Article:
On first glance, not much seems to be different now with 17-year-old racer Travis Braden compared to this exact same time last year. No ride officially lined up, facing going back after winter vacation to another semester at Wheeling Park High School, just bunkering down for another cold winter in Wheeling, West Virginia, where the Ohio Valley intersects the Alleghenies and the Appalachians.
But short track racers’ seasons aren’t defined by the outlook of things at the break of January. They’re instead remembered for years to come by the hardware on the trophy shelf at the close of December. In that light, Braden can be excused for wearing an easy-going smile as the new year sets in. He’s confident big plans are in store for he and his team in 2012. In the interim, there’s still a lot of remembering to do from 2011.
Braden’s rookie season in Late Model racing was record-setting, prolific, and yet somehow went largely unnoticed. Part of it may be that his deal with legendary car owner and former racer Gary Estes didn’t come together until the latter stages of the offseason. Part may be that Braden, albeit charismatic and a good interview, seems to have an “under the radar” type personality. Part of it honestly might be where he raced. Ohio, despite a strong Late Model history, is just outside of the geographical and media periphery of where widely-followed series like the CRA or PASS call home.
But Estes’ faith in the high school senior should have been the first sign that bright things were in store for Braden. In fact, Braden points to one moment with Estes that he says he will remember, more than any trophy or accolade, from 2011.
“He was someone we honestly didn’t know,” said Braden of Estes. “But he raced around where we raced, so when I heard he didn’t have a driver for this year, someone gave me his number and I called him. We didn’t even meet until mid-March.
“The first time I ever drove the car, was just a practice session. I had never been in the car before, so I just went out and made a few slow laps, started getting a little faster, just feeling things out. I ended up going a little too fast and turning the car back into the wall. I thought I destroyed it. My heart probably didn’t beat for five minutes.
“Gary – who really at this point I didn’t even know him still – came up and his first words were, ‘It’s all right, we’ll get it fixed. We’ll go back and we’ll go on to win races.’ I’m thinking, ‘I’ve never even won a race for you. Why do you expect me to?’ I was expecting the worst, but he gave me the best. That was the story of the season for me.”
Braden’s car was repaired and Estes’ confidence in the youngster was fulfilled. They finished third on opening night at Columbus Motor Speedway and began a full-out attack on the weekly schedules of both Columbus and Kil-Kare Speedway in Ohio. With Estes turning the wrenches off-track and being surrounded by talented veterans such as Don Mahaffey, Chad Pendleton and any member of the Sibila or Muncy familes, Braden began to pick it up. On May 14th, in just his fourth start in a Late Model, Braden found Columbus’ victory lane.
“They [Kil-Kare and Columbus] are two of probably the hardest tracks to drive in the industry, especially with some of the smartest, talented, best veterans in the country racing there too,” said Braden. “I like to say that I didn’t learn much about driving the car this year, I learned about racing the car against good people. I learned little tricks that I really never even thought about. It was a lot more in knowledge than skill I grew this year.”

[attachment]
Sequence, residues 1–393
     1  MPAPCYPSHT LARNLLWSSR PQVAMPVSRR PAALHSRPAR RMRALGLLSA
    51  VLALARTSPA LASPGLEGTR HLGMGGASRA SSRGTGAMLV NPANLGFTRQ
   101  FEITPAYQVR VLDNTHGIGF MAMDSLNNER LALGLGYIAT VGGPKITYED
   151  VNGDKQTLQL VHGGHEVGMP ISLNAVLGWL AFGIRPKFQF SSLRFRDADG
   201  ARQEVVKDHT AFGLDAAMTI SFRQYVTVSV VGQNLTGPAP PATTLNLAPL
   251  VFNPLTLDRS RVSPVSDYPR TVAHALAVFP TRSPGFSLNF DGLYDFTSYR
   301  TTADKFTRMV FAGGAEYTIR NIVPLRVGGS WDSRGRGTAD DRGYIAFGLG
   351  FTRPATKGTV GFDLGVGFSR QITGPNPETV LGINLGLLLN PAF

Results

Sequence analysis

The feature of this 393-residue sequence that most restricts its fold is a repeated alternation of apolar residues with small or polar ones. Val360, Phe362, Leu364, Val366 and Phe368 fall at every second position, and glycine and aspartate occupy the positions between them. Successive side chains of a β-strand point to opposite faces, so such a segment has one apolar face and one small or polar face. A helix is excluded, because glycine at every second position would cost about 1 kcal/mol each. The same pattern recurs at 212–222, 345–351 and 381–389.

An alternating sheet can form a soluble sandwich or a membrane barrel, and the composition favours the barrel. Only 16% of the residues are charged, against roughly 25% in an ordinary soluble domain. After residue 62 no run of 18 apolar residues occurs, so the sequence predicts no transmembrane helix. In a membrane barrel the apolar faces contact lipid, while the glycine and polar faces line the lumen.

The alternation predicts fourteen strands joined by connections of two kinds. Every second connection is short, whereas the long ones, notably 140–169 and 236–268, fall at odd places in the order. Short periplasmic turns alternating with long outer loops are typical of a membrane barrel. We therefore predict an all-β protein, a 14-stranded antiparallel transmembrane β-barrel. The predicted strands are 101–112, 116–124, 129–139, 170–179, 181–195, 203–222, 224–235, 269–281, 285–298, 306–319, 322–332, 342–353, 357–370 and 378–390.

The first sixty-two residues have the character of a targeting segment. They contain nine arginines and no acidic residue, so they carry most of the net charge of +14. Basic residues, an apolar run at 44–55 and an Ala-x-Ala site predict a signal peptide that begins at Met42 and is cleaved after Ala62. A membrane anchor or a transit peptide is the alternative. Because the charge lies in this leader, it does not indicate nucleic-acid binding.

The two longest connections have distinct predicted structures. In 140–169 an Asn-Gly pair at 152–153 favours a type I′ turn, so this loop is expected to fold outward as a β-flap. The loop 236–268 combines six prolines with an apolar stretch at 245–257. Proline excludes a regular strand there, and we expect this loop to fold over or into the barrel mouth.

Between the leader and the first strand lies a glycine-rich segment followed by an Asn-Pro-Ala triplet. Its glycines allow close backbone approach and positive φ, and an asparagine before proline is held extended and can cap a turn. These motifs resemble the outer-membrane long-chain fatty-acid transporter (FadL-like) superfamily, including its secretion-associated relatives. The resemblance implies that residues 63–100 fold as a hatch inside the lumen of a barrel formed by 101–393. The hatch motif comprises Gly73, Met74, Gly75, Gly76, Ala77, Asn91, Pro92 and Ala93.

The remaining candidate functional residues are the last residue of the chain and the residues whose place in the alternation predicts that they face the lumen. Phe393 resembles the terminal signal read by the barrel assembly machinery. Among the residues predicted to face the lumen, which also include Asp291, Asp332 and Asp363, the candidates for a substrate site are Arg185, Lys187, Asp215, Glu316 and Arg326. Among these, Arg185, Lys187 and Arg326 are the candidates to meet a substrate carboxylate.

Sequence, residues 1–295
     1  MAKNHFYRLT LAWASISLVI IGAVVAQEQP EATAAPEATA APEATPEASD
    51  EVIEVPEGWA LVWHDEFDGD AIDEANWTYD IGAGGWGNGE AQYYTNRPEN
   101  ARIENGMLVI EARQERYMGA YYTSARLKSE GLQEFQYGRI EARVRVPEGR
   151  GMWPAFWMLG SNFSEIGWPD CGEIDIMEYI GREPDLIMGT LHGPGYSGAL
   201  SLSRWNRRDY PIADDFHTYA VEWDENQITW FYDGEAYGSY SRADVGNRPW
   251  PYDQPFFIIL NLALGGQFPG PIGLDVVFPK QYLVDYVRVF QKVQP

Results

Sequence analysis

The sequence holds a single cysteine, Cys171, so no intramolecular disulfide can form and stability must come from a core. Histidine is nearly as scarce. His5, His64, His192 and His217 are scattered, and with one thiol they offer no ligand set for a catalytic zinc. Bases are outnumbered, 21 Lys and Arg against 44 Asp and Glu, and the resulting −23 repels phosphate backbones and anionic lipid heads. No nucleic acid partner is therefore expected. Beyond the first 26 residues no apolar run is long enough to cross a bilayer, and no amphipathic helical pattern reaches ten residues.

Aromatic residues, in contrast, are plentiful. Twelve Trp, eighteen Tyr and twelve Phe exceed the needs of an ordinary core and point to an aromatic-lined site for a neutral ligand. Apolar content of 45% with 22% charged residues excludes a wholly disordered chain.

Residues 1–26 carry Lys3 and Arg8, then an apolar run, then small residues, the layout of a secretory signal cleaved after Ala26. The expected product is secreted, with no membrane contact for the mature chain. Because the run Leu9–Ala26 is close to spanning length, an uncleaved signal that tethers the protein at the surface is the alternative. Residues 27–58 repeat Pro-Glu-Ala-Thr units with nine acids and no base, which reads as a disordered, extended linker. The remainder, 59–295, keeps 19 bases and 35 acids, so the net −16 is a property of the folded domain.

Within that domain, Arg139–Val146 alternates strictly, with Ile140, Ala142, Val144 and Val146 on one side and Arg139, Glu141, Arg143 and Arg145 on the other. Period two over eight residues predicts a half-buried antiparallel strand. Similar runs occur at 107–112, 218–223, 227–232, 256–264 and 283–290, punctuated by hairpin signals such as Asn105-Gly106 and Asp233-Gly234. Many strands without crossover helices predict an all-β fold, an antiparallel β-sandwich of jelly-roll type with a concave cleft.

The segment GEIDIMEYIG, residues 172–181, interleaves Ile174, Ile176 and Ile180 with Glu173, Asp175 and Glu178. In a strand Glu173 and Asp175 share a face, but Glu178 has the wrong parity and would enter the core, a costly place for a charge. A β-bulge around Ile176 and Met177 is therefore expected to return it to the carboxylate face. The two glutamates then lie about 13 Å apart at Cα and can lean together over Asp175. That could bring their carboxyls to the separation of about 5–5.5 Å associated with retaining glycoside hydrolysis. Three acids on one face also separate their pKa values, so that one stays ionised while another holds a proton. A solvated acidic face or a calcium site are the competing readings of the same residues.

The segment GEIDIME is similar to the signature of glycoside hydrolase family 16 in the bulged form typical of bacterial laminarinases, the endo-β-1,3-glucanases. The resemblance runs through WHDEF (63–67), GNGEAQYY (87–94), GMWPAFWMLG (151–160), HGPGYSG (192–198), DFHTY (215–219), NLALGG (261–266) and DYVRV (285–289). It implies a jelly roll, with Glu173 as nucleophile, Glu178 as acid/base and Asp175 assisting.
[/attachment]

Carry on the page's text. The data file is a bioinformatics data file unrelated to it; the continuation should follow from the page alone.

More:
With each “little trick” came another victory. All in all, he would go on to win six times at Columbus and seven times at Kil-Kare. Even with all the hardware he would earn during the season, it was clear that Braden was most earnest in simply enjoying both the moment and the education he got behind the wheel in 2011.
Not to say the hardware wasn’t nice too.
In addition to the 13 local feature wins, the Columbus track title would go to Braden. So would the Ohio NASCAR Whelen All-American Series state championship after finishing 12th amongst thousands of drivers in the national standings. Most prestigious of all was the NASCAR Jostens Rookie of the Year award as top rookie in the country. He was honored at the NASCAR Whelen All-American Series banquet at the NASCAR Hall of Fame in December. With all his titles and trophies, Braden might have left the facility with the most hardware of any driver.
Braden’s brightest and career-propelling moment though might have come in October. Competing in just his third CRA/JEGS All-Star Tour career race, Braden conquered the high banks of Winchester Speedway to win the Crate Late Model race on Winchester 400 weekend.
“That [winning at Winchester] wasn’t planned, obviously. We just wanted to go out for some experience on a bigger stage. It was a great way to show that we were really strong on power, not just at the local stuff. It was probably the most fun win this year and a great way to end the season.”
“Great” was definitely the word Braden used over and over to describe his season and there’s every reason to suspect it was be attached to him for years to come. The NASCAR Rookie title and the CRA/JEGS victory have already opened doors for Braden and while nothing is set in stone as we stated earlier, all signs point to Braden making a splash in the Midwest in some race series or another this season. His success continues off the track as well as he has consistently been an honors student at Wheeling Park High.
“Mid-March to Mid-September,” Braden said when finally reflecting on the whirlwind as a whole that was 2011, “It took us that long to get used to the car. That’s a short period of a time for a 17-year-old to bond with a veteran.
“It’s just - just amazing. Amazing.”